In her book, Automating Inequality, author Virginia Eubanks describes a predictive algorithm used by Allegheny County, Pennsylvania’s child and human services department. The model has the laudable intention of predicting child abuse. To construct this model, department staff decided which specific data points to predict (independent variable) and which dependent variables would be used to train the model.
The independent variable they chose was re-referral from community members. Re-referral is the term for contact made by a community member to family services to express concern about a child’s welfare after an initial complaint had been received. This includes anonymous complaints. A critical point here is that re-referrals are not substantiated claims of child abuse or neglect. They are, by definition, simply complaints from community members, including anonymous complaints. While many complaints trigger investigations that eventually uncover evidence of child abuse or neglect, many do not. A second critical point is that historically, African Americans and other minorities are more likely to be named in re-referrals that cannot be substantiated than whites. The result: the Allegheny County model is not specifically predicting abuse or neglect, it’s predicting whether or not someone will receive an additional complaint, a complaint that may or may not be substantiated, a complaint shaded in racism.
A further issue with the Allegheny County model: To train the model, department staff used publicly funded mental health and drug and alcohol services, who used the services and what outcomes came of their participation. Because wealthier individuals (e.g., individuals residing in areas with higher property values) are more likely to use privately funded services, the reliance on “publicly funded” data resulted in oversampling lower income residents. The Allegheny County model thus rests on a biased data set that, in turn, feeds the prediction of child abuse. The model targets poor residents by oversampling their mental health data relative to that of their wealthier neighbors.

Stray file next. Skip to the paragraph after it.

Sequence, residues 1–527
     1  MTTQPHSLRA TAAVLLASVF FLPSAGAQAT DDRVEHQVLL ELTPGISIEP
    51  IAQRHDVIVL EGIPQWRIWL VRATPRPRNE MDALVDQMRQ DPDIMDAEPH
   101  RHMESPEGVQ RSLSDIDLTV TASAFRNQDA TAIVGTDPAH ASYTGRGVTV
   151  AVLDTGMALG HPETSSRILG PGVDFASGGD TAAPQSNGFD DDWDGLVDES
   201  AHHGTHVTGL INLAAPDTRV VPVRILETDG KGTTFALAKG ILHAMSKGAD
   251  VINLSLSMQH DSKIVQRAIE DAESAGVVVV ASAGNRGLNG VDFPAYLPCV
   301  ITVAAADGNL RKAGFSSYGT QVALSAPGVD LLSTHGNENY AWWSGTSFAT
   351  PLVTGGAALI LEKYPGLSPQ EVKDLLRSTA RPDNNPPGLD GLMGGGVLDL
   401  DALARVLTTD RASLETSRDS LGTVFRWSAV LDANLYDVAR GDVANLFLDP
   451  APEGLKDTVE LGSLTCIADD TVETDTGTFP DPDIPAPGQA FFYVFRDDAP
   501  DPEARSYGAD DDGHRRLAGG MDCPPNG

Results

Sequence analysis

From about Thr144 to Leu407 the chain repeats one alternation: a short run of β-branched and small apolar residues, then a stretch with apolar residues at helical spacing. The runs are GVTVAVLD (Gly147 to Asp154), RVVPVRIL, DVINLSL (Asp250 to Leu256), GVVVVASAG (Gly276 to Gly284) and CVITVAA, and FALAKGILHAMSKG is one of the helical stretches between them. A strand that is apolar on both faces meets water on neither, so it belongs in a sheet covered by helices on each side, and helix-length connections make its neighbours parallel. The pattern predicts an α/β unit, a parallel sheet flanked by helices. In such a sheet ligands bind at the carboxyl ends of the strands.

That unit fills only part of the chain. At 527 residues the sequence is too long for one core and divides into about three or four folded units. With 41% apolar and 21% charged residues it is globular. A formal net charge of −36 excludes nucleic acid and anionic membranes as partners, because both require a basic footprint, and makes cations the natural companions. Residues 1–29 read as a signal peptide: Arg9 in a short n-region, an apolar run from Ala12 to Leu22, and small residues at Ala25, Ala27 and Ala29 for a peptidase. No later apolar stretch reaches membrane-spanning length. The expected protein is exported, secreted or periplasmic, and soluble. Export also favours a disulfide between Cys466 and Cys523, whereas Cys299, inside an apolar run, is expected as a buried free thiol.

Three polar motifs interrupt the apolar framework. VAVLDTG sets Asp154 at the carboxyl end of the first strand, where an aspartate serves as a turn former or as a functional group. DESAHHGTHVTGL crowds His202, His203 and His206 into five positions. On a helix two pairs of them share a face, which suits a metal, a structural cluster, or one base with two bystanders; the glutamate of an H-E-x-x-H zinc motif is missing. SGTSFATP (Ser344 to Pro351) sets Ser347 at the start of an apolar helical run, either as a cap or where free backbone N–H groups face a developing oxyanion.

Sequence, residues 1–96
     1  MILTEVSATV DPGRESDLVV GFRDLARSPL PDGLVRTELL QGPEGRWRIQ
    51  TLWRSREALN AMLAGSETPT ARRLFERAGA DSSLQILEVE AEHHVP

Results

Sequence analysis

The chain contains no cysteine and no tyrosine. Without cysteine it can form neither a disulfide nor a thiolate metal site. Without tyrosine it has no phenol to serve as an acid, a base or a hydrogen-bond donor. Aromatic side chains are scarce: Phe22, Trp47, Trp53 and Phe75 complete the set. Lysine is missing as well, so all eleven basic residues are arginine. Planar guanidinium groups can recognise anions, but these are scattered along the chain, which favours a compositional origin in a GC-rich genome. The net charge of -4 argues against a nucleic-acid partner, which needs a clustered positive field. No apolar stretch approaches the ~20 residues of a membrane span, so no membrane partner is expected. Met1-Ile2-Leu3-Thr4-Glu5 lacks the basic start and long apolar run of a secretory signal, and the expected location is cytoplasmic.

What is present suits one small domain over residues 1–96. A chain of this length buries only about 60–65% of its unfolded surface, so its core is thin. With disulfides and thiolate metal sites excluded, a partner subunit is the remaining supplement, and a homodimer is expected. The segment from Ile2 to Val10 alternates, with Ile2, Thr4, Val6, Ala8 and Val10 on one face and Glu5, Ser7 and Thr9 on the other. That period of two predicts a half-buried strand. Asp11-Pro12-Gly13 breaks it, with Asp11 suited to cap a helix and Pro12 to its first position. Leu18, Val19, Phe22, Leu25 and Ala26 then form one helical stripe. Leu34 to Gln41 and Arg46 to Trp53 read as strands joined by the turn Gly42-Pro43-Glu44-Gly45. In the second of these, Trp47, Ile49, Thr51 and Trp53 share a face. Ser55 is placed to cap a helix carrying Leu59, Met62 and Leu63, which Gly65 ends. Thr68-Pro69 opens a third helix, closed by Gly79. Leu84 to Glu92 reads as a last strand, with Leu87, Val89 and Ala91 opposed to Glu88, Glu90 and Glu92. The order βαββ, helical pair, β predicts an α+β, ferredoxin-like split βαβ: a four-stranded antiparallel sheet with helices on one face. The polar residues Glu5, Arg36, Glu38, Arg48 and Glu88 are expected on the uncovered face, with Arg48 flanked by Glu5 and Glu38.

So What Do I Do?
Simply put, when working with data, whether you’re analyzing patterns, creating decision engines, or training a machine learning algorithm, ask yourself this question: how am I helping to take structural racism apart? Your data task may have a purpose seemingly unrelated to this question, but you should still be considering how your work can clearly identify and challenge historical inequities that have, for generations, been layered into data. This can be done in several ways:
- Think critically about approaches and assumptions made in the research and analytics you are conducting. Statistical biases is easy to overlook but often it most negatively impacts underprivileged populations.
- Data collection, surveys, and copywriting in digital tools should be inclusive of all populations. Seek (and pay for!) guidance from a diverse range of experts to ensure you are crafting a digital experience that is inclusive, or you risk in-equitably narrowing your program’s population.
- Ensure your analytics tools and research are mindful of reliance on data that reinforces historical inequities.
- Know where your data comes from, and know how your models work.
This is hard work, to be sure. It requires effort to fundamentally shift how you approach data modeling. But to say the payoff is important is underselling its impact. In a world where data is gathered at increasing speed and algorithms are increasingly part of everyday life, we stand at a familiar point. Will we acknowledge our history of inequity and consciously make choices that steer us away from our past? Or will we close our eyes in the comfort of our privilege and let the next wave of racism, sexism and classism wash over the digital age with the power of a billion ones and zeros?